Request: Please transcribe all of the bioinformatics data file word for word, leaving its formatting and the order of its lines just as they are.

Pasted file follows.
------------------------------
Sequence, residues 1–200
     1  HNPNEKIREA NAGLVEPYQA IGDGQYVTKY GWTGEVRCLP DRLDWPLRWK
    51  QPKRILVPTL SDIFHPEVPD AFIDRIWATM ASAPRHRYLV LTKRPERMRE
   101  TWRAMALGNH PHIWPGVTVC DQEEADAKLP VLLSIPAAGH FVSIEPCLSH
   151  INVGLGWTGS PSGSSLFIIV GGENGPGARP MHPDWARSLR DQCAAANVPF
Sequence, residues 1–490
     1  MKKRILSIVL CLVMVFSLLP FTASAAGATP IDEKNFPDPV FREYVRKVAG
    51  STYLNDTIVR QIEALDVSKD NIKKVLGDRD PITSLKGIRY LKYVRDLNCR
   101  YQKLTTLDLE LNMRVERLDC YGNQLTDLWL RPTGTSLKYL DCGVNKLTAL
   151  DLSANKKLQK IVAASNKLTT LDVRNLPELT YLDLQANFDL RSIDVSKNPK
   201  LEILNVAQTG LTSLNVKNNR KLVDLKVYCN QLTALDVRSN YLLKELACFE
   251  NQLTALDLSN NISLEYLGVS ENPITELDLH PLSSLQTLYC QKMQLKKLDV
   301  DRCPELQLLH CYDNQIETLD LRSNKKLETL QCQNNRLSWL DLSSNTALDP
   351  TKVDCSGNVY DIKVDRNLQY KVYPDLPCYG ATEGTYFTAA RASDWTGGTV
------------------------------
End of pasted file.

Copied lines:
Sequence, residues 1–200
     1  HNPNEKIREA NAGLVEPYQA IGDGQYVTKY GWTGEVRCLP DRLDWPLRWK
    51  QPKRILVPTL SDIFHPEVPD AFIDRIWATM ASAPRHRYLV LTKRPERMRE
   101  TWRAMALGNH PHIWPGVTVC DQEEADAKLP VLLSIPAAGH FVSIEPCLSH
   151  INVGLGWTGS PSGSSLFIIV GGENGPGARP MHPDWARSLR DQCAAANVPF
Sequence, residues 1–490
     1  MKKRILSIVL CLVMVFSLLP FTASAAGATP IDEKNFPDPV FREYVRKVAG
    51  STYLNDTIVR QIEALDVSKD NIKKVLGDRD PITSLKGIRY LKYVRDLNCR
   101  YQKLTTLDLE LNMRVERLDC YGNQLTDLWL RPTGTSLKYL DCGVNKLTAL
   151  DLSANKKLQK IVAASNKLTT LDVRNLPELT YLDLQANFDL RSIDVSKNPK
   201  LEILNVAQTG LTSLNVKNNR KLVDLKVYCN QLTALDVRSN YLLKELACFE
   251  NQLTALDLSN NISLEYLGVS ENPITELDLH PLSSLQTLYC QKMQLKKLDV
   301  DRCPELQLLH CYDNQIETLD LRSNKKLETL QCQNNRLSWL DLSSNTALDP
   351  TKVDCSGNVY DIKVDRNLQY KVYPDLPCYG ATEGTYFTAA RASDWTGGTV